Now in response to the matters you wrote about: “It is good for a man not to use a woman for sex.” But because sexual immorality is so common, each man should have sexual relations with his own wife, and each woman should have sexual relations with her own husband. A husband should fulfill his marital duty to his wife, and likewise a wife to her husband. A wife does not have the right over her own body, but her husband does. In the same way, a husband does not have the right over his own body, but his wife does. Do not deprive one another—except when you agree for a time, to devote yourselves to prayer. Then come together again; otherwise, Satan may tempt you because of your lack of self-control. I say this as a concession, not as a command. I wish that all people were as I am. But each has his own gift from God, one person has this gift, another has that.

I like the leader guide suggestion of opening class with “common advice given at weddings”. I would add to it “advice given to singles”. There’s lots of advice out there, some good and some bad. We need the Bible to help us sort it out! I also like the idea of dividing your class into two teams and summarizing what Paul sys in these verses to husbands and to wives. Take note of those things your class doesn’t like to hear, and see if you can encourage them to understand why Paul would be saying those things to the Christians in Corinth. (And feel free to write down questions and send them to me after class!)

Remember that 1 Corinthians is not actually the first letter between Paul and Corinth (and remember how immoral Corinth was as a city; the verb “to corinthianize” was used to mean “to have immoral sex”!), so Paul’s word about sexual self-control had garnered a wide range of responses. Some members of the church were taking Paul’s command about sexual self-control to an extreme: that its best for no one to have sex ever. That’s not what Paul said! Sexual desires are good and normal, but only in the context of marriage. They had ample proof around them that humans were willing to go to great lengths to satisfy their desires; it is very difficult to “turn those desires off”. If you are married, you can keep away from sexual temptation by being sexually satisfied in your marriage! (Think about it: is a person more likely to break a diet when full or when hungry?) Christians must know that Satan is very good at twisting our circumstances into temptations—we should do what we can to protect our spouse from temptation.

But catch this: in no culture did wives have authority over husbands—but here in Paul’s letter they do! Husbands have a “duty” to wives (we give that a negative connotation today, but the word just means “obligation”; a husband or wife does not have the right to use sex as a manipulative tool or punishment—that’s not why God created marriage). Paul was giving wives power that no one had given them. This is also Paul’s way of making it clear that no husband would be allowed to mistreat his wife (he goes into more detail about this in Ephesians 5).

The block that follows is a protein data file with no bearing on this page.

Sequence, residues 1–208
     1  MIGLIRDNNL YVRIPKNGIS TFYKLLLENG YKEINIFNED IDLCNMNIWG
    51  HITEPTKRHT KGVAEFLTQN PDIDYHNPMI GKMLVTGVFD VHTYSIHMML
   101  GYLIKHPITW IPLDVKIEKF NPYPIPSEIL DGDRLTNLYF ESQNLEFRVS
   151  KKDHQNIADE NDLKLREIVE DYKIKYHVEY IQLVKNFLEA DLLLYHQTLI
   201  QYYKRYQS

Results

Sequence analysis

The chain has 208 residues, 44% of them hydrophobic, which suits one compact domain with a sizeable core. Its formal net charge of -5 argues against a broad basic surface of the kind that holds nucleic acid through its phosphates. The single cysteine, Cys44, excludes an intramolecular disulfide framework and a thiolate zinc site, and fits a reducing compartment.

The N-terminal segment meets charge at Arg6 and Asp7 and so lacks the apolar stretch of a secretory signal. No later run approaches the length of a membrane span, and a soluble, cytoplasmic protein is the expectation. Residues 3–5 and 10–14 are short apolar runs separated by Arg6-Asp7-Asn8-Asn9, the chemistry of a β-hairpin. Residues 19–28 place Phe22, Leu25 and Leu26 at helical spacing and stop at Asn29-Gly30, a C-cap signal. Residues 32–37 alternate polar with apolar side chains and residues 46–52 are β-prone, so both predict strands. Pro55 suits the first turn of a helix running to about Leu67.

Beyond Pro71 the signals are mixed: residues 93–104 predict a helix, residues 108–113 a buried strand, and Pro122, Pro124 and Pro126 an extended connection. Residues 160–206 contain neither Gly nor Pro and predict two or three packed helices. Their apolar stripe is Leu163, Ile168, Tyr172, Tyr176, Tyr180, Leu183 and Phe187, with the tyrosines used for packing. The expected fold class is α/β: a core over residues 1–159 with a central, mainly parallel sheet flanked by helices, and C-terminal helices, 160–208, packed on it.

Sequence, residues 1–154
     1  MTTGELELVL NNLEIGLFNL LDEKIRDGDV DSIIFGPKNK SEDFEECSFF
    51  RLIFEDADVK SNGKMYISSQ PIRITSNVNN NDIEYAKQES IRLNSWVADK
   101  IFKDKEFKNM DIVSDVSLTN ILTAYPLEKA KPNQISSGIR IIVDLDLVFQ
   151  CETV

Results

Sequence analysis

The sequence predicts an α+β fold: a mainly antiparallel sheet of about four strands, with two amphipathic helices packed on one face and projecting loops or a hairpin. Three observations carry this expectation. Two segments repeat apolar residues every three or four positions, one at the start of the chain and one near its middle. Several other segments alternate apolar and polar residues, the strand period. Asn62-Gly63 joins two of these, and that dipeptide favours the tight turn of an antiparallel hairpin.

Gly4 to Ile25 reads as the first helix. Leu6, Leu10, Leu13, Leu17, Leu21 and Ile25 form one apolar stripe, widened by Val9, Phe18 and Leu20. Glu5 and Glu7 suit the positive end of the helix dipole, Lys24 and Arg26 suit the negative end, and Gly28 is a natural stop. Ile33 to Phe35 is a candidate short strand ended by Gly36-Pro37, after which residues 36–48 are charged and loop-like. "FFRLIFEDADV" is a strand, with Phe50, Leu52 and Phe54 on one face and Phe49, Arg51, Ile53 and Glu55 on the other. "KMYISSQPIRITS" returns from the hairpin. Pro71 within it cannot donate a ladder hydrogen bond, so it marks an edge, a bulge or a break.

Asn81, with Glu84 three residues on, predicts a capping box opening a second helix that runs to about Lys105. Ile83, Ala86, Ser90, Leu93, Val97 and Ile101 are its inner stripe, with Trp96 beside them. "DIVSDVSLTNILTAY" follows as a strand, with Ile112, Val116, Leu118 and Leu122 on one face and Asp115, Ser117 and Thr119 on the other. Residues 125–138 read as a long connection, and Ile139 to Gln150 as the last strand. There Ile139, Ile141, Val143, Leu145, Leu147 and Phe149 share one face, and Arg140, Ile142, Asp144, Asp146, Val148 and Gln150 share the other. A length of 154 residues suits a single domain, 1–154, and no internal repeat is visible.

Note Paul’s exception: for a time of prayer. In other words, when a spouse is so broken over a crisis that he/she needs to pray and fast, that’s the wrong time to ask for sex. Instead, join your spouse in ardent prayer. Now, when Paul talks about “a concession”, there is debate over whether he is referring to the time of sexual abstinence (i.e., he is not commanding couples to do that) or to the practice of celibacy (i.e., he is not commanding all Christians to be celibate). Either one would make sense. See the sidebar for my take on the gift of being single.


Aside: When Sex Was a Sin

Opinions toward sex among Christians are wide-ranging, and many Christians are not comfortable talking about sex at all. This is an unfortunate consequence of an age-old Catholic teaching that still affects us today. To make a long story short, Christians believe in “original sin”, that all people are born sinful, which is why all people (even babies) need a Savior. But how can babies be sinful unless they inherited it from their parents? That led some influential early Christian leaders to conclude that the act of sex itself is how babies inherit sin (which is why Jesus was sinless). That meant that for the next 2,000 years, many Christians have been taught that sex is a “necessary evil”—you have to have it to have children, but you should not enjoy it. Of course, the fact that there is so much sexual sin and deviance in the world only reinforces the idea that sex is bad.

Even when Protestants came out from under the Catholic umbrella, they brought with them this idea that sexual activity is inherently sinful (remember The Scarlet Letter?). That is understandable considering how easily sex can be misused, but also very unfortunate because it has probably driven more people into sexual indulgence, not having a safe place where they can talk about what sex is and how God intends it to be used. The truth is that God created sex to be enjoyed fully by married couples, and it is nothing to be ashamed of. Sadly, it’s just awkward for most Christians to talk about in public.

In summary, sexual desire is a gift from God—but it is only good if it is satisfied in the context of a marriage between a man and a woman.


Part 2: Marriage and Singleness (1 Corinthians 7:8-9)

I say to the unmarried and to widows: It is good for them if they remain as I am. But if they do not have self-control, they should marry, since it is better to marry than to burn with desire.